County rejects hunting rules

The Island County commissioners did a little time traveling Monday, riding their wayback machine to a time when hunting regulations were set by the state and six contentious meetings on the subject of implementing local hunting rules hadn’t happened yet.

Commissioners Mac McDowell and Bill Byrd out-voted Mike Shelton 2-1, and decided not to act on a proposed ordinance regulating hunting on certain county-owned lands.

That means none of the county’s proposed hunting rules in controversial areas such as the Kettles Trails on Central Whidbey, Deer Lagoon on South Whidbey and Camano Ridge on Camano Island will be implemented.

Hunters can continue to hunt the way they always have, without concern over county-imposed setbacks from private property and non-designated trails, and without worrying about a contemplated 10-week hunting season on county lands, far less than what the state allows.

Hunters and non-hunters butted heads in meetings three times on Whidbey Island and three times on Camano over the proposed regulations, which were meant as a compromise between the two warring parties. But common ground was never found.

“Since there seems to be no apparent compromise that would be acceptable to either side. . . . I will not support this ordinance and the current rules will stand,” said McDowell.

Byrd, who represents Camano Island, cited the varying opinions he had heard, and the fact that Camano residents seem more heavily against hunting than Whidbey residents, as reasons for not moving forward with the ordinance. He called for “additional investigation before this or any other resolution can be approved.”

Shelton confessed that “the board is not in agreement,” and stated his position that “I support this ordinance as it is written.”

To Shelton, the ordinance allowed all interest groups to use public lands, while regulating hunting more tightly on county properties. “To do nothing,” he said, “will further perpetuate the problem.”

Deer Lagoon neighbors in the Useless Bay Colony were vocal in their opposition to any compromise on hunting. Expressing safety and noise concerns, they wanted hunting banned from Deer Lagoon, as they claim it was before the county purchased the property two years ago.

Dave Haworth, a spokesman for the group, said after the meeting that they believe hunting should be suspended until the county goes through the State Environmental Protection Act process to permit hunting.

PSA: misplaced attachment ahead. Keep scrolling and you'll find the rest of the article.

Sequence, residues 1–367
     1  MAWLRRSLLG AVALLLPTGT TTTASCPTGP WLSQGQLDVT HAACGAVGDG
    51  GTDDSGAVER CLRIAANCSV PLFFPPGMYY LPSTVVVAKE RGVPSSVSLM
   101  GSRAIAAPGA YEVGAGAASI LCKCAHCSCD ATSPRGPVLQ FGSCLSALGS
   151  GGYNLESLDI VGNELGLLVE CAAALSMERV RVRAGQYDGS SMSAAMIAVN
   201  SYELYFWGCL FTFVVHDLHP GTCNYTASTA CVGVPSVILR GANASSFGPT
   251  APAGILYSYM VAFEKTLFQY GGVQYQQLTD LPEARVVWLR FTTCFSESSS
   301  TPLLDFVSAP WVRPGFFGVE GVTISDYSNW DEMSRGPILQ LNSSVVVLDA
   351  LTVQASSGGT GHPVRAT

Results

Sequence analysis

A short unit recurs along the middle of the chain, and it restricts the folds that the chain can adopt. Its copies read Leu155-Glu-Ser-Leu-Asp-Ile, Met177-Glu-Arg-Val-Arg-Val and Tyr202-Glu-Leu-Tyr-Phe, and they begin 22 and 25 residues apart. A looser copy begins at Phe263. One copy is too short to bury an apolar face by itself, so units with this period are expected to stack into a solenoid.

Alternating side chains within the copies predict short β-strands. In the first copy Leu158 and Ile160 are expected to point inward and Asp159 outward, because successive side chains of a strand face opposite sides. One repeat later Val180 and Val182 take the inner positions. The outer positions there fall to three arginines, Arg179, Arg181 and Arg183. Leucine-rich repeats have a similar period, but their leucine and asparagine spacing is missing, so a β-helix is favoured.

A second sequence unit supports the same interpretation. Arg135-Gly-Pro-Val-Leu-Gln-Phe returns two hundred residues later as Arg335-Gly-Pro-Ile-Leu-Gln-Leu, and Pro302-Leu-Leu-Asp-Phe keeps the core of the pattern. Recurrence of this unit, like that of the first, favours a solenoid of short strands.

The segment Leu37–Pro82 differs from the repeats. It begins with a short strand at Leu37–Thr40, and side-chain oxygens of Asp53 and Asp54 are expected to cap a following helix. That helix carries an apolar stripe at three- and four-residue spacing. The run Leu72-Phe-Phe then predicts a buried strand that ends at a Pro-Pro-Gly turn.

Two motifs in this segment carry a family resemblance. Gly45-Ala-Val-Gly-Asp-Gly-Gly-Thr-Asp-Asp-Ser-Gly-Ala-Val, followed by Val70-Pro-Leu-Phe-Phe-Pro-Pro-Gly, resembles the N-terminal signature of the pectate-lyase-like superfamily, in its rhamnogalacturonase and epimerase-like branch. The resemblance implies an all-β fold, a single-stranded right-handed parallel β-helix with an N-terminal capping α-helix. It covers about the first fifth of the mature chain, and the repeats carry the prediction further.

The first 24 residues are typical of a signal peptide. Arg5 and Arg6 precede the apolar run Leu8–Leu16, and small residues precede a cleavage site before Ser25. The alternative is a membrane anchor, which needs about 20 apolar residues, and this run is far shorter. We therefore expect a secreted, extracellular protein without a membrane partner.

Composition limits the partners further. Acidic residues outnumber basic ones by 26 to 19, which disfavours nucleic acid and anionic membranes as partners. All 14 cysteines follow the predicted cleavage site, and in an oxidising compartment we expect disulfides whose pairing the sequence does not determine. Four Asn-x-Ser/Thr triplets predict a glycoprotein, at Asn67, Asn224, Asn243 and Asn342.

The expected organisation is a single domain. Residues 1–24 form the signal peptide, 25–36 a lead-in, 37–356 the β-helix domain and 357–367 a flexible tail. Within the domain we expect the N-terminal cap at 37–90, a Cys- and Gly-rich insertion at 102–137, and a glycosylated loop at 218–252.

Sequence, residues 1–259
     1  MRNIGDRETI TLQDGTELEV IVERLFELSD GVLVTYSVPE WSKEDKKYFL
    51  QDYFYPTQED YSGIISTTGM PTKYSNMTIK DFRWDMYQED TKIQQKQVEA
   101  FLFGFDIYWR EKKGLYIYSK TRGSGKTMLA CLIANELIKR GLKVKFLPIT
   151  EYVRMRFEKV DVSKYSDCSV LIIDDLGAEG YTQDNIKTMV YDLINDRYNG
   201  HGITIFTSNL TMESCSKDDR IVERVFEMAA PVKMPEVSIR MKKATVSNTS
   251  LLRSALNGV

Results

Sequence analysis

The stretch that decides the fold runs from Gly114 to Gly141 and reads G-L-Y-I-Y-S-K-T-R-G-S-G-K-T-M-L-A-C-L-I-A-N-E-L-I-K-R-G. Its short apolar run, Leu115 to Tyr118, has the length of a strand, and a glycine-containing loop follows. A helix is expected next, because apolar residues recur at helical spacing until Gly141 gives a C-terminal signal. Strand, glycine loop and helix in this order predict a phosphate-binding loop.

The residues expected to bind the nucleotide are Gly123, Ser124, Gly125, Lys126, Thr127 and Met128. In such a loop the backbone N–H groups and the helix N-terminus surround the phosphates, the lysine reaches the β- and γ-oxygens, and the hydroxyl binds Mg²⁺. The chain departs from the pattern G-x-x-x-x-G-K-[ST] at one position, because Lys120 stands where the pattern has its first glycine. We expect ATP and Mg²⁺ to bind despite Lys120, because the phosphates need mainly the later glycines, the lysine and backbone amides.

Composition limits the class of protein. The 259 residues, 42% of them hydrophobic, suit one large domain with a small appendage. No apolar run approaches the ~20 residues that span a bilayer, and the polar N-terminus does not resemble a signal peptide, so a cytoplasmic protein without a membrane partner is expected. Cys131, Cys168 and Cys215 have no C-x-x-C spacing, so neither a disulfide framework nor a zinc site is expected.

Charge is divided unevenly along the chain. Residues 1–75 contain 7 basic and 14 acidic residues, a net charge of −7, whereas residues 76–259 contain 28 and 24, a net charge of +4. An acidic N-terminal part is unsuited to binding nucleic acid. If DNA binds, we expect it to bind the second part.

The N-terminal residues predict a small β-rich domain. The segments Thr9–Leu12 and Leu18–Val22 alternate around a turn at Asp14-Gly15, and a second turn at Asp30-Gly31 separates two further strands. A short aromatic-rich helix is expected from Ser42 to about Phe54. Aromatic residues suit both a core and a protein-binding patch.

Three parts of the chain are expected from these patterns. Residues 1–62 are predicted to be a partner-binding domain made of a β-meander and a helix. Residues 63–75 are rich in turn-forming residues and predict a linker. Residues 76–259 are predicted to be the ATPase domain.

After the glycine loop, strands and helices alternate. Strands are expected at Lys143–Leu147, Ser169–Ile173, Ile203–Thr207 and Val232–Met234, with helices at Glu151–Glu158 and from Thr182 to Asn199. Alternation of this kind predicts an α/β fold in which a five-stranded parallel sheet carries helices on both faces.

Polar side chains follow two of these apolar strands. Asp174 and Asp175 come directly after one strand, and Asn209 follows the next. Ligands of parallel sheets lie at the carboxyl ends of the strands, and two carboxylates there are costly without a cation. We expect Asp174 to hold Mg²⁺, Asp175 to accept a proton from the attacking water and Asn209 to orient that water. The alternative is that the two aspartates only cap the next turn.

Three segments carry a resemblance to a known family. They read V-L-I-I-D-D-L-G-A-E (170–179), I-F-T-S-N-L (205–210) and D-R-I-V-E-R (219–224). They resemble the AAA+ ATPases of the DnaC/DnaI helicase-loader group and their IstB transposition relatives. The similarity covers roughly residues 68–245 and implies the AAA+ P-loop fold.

Shelton said he’s willing to have the county enter the SEPA process, but there was no indication Monday how that will happen. Haworth’s group has threatened to go to court to force the action.

Darcy Patterson of the Island County Trails Council had strongly opposed hunting in the Kettles area, which is popular with hikers, bicyclists and equestrians.

Patterson described the commissioners’ action as “confusing and ambiguous . . . it’s very confusing, and it’s not yet over.”

One remaining issue in her mind is the definition of a non-motorized trail. County rules require a 150-yard hunting setback from such trails. At present, only the Kettles Trail itself is listed as non-motorized, meaning the setback apparently applies only to that trail and not the many other smaller trails that crisscross the county-owned property.

Dave Hollett, who represented hunters in the public hearings, said Monday’s action may make it more clear where deer hunters can hunt in the Kettles area as well as Camano Ridge, because the definition of a non-motorized trail seems more clear now than in the beginning of the process.

“It opens the Kettles up and it opens Camano Ridge up,” he said, as there are no recognized non-motorized trails at Camano Ridge.

But Hollett shares some of Patterson’s confusion, saying he’s “kind of confused” about how the situation now stands. “I’m not really sure, I’ll have to wait until next year,” he said. A black powder hunter, Hollett’s deer season ended Dec. 15.

Bill Oakes, Island County public works director, said Tuesday the issue is clear to him. There is only the single designated non-motorized trail in the Kettles area, and none in Camano Ridge. “There’s more area to hunt,” he said, describing the effect of the commissioners’ action on Monday. He also noted that hunting will still be legal on a small portion of the Greenbank Farm on the north and east side of the highway that the failed ordinance had slated for closure.

Ray Gabelein often spoke for hunters’ rights at Deer Lagoon. He foresees litigation arising from Monday’s decision, because of the position of nearby homeowners. “It’s unfortunate homeowners couldn’t have been more reasonable and come up with a compromise,” he said Tuesday. “They might have missed an opportunity.”

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